Adjustment disorders are stress-related conditions where you feel overwhelmed and have a hard time adjusting to a stressful event or change.
Adjustment disorders are stress-related conditions. You experience more stress than would normally be expected in response to a stressful or unexpected event, and the stress causes significant problems in your relationships, at work or at school.
Work problems, going away to school, an illness, death of a close family member or any number of life changes can cause stress. Most of the time, people adjust to such changes within a few months. But if you have an adjustment disorder, you continue to have emotional or behavioral reactions that can contribute to feeling anxious or depressed.
You don't have to tough it out on your own, though. Treatment can be brief and it's likely to help you regain your emotional footing.
Signs and symptoms depend on the type of adjustment disorder and can vary from person to person. You experience more stress than would normally be expected in response to a stressful event, and the stress causes significant problems in your life.
Adjustment disorders affect how you feel and think about yourself and the world and may also affect your actions or behavior. Some examples include:
Symptoms of an adjustment disorder start within three months of a stressful event and last no longer than 6 months after the end of the stressful event. However, persistent or chronic adjustment disorders can continue for more than 6 months, especially if the stressor is ongoing, such as unemployment.
Usually stressors are temporary, and we learn to cope with them over time. Symptoms of adjustment disorder get better because the stress has eased. But sometimes the stressful event remains a part of your life. Or a new stressful situation comes up, and you face the same emotional struggles all over again.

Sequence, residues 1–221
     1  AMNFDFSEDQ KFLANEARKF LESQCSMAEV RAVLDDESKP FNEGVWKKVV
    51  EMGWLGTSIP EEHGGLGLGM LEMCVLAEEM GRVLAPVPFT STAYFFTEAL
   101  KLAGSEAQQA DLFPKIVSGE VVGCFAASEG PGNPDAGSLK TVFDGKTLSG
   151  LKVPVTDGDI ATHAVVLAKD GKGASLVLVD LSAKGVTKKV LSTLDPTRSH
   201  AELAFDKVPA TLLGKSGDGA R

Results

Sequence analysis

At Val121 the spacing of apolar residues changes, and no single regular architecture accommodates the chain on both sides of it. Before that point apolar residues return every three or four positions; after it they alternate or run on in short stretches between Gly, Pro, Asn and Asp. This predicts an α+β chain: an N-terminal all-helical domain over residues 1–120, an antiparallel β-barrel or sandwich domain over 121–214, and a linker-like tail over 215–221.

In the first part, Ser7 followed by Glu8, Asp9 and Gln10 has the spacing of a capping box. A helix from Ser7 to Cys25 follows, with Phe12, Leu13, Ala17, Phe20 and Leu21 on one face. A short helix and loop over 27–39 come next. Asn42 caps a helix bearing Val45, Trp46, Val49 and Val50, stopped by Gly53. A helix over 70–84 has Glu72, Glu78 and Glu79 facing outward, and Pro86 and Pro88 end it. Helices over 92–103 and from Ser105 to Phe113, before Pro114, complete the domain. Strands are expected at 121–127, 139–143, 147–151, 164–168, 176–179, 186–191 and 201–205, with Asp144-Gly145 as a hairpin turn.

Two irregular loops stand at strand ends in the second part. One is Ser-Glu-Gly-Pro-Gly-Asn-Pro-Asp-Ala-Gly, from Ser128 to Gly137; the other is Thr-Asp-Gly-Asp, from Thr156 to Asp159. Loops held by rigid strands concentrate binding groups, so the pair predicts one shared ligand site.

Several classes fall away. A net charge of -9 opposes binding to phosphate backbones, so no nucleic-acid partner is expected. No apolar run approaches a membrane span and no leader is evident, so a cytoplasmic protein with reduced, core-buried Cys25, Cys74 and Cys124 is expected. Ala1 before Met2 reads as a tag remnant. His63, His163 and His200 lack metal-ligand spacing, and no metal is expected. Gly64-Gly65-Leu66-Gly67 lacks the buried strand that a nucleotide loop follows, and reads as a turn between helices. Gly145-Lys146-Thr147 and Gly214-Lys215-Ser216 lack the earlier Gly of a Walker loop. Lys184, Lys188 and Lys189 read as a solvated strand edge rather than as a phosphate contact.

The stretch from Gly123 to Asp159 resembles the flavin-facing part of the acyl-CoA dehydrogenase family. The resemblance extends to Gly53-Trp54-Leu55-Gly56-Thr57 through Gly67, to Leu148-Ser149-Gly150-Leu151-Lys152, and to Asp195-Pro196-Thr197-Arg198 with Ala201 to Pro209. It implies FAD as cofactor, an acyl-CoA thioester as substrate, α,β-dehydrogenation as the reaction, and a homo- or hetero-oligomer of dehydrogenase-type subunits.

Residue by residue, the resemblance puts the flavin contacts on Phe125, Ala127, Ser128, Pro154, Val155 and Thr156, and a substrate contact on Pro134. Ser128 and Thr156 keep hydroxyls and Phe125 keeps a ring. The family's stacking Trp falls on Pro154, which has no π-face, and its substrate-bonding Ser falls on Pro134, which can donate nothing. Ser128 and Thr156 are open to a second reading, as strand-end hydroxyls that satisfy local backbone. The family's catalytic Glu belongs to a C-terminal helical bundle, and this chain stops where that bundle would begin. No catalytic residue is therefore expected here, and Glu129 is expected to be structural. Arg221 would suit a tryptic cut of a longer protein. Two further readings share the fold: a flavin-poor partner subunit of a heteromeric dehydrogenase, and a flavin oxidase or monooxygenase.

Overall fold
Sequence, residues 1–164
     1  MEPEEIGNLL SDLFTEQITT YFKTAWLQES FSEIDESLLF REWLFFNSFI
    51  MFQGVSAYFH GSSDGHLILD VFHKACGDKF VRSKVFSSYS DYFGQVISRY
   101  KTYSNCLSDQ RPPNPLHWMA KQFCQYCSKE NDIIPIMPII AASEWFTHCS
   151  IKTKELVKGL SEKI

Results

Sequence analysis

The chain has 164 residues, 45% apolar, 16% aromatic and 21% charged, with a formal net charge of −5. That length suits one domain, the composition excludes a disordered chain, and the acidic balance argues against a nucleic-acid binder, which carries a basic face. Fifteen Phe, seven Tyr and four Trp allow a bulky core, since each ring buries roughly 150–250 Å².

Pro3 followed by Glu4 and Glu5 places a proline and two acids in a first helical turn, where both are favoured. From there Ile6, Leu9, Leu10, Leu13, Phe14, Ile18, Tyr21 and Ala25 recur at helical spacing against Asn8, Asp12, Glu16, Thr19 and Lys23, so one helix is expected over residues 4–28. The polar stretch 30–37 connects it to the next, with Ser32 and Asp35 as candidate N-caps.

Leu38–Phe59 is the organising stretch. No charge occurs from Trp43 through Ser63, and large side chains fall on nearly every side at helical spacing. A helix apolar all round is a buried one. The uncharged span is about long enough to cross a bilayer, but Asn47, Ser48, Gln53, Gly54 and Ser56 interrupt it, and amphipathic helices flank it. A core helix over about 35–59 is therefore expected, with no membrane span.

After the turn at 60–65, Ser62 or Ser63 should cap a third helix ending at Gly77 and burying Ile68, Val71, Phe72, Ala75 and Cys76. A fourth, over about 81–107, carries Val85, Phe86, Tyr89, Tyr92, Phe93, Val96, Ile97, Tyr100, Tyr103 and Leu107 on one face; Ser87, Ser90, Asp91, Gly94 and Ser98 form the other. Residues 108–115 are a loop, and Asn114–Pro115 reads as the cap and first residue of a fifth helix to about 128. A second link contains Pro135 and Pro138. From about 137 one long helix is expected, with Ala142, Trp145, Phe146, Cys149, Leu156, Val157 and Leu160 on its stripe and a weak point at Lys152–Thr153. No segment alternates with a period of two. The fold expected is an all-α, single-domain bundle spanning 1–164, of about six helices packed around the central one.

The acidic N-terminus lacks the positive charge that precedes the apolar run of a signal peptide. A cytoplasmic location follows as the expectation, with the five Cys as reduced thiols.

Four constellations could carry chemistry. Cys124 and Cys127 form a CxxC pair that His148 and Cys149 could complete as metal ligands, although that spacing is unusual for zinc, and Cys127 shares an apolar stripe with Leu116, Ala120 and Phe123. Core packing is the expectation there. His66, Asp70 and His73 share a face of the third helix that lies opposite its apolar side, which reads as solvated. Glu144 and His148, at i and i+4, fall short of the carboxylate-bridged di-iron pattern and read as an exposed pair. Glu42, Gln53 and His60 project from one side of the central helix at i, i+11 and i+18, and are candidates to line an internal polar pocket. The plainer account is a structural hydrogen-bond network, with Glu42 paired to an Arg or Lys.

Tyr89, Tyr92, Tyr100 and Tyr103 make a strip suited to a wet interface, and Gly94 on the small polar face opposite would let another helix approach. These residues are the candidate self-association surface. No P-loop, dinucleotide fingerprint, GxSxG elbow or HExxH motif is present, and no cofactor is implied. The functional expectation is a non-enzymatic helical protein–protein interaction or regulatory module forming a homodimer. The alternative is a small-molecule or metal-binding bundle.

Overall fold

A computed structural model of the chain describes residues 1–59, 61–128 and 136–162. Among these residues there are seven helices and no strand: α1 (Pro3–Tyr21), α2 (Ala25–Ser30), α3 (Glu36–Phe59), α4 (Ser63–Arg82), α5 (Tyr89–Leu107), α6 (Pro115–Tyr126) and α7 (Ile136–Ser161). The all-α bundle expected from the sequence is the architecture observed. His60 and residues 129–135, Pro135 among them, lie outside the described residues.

Talk to your doctor if you continue to struggle or if you're having trouble getting through each day. You can get treatment to help you cope better with stressful events and feel better about life again.
If you have concerns about your child's adjustment or behavior, talk with your child's pediatrician.
If you have thoughts of hurting yourself or someone else, call 911 or your local emergency number immediately, go to an emergency room, or confide in a trusted relative or friend. Or contact a suicide hotline. In the U.S., call or text 988 to reach the 988 Suicide & Crisis Lifeline, available 24 hours a day, seven days a week. Or use the Lifeline Chat. Services are free and confidential.
Adjustment disorders are caused by significant changes or stressors in your life. Genetics, your life experiences, and your temperament may increase your likelihood of developing an adjustment disorder.
Some things may make you more likely to have an adjustment disorder.
Stressful life events — both positive and negative — may put you at risk of developing an adjustment disorder. For example:
Life experiences can impact how you cope with stress. For example, your risk of developing an adjustment disorder may be increased if you:
If adjustment disorders do not resolve, they can eventually lead to more serious mental health problems such as anxiety disorders, depression or substance abuse.
There are no guaranteed ways to prevent adjustment disorders. But developing healthy coping skills and learning to be resilient may help you during times of high stress.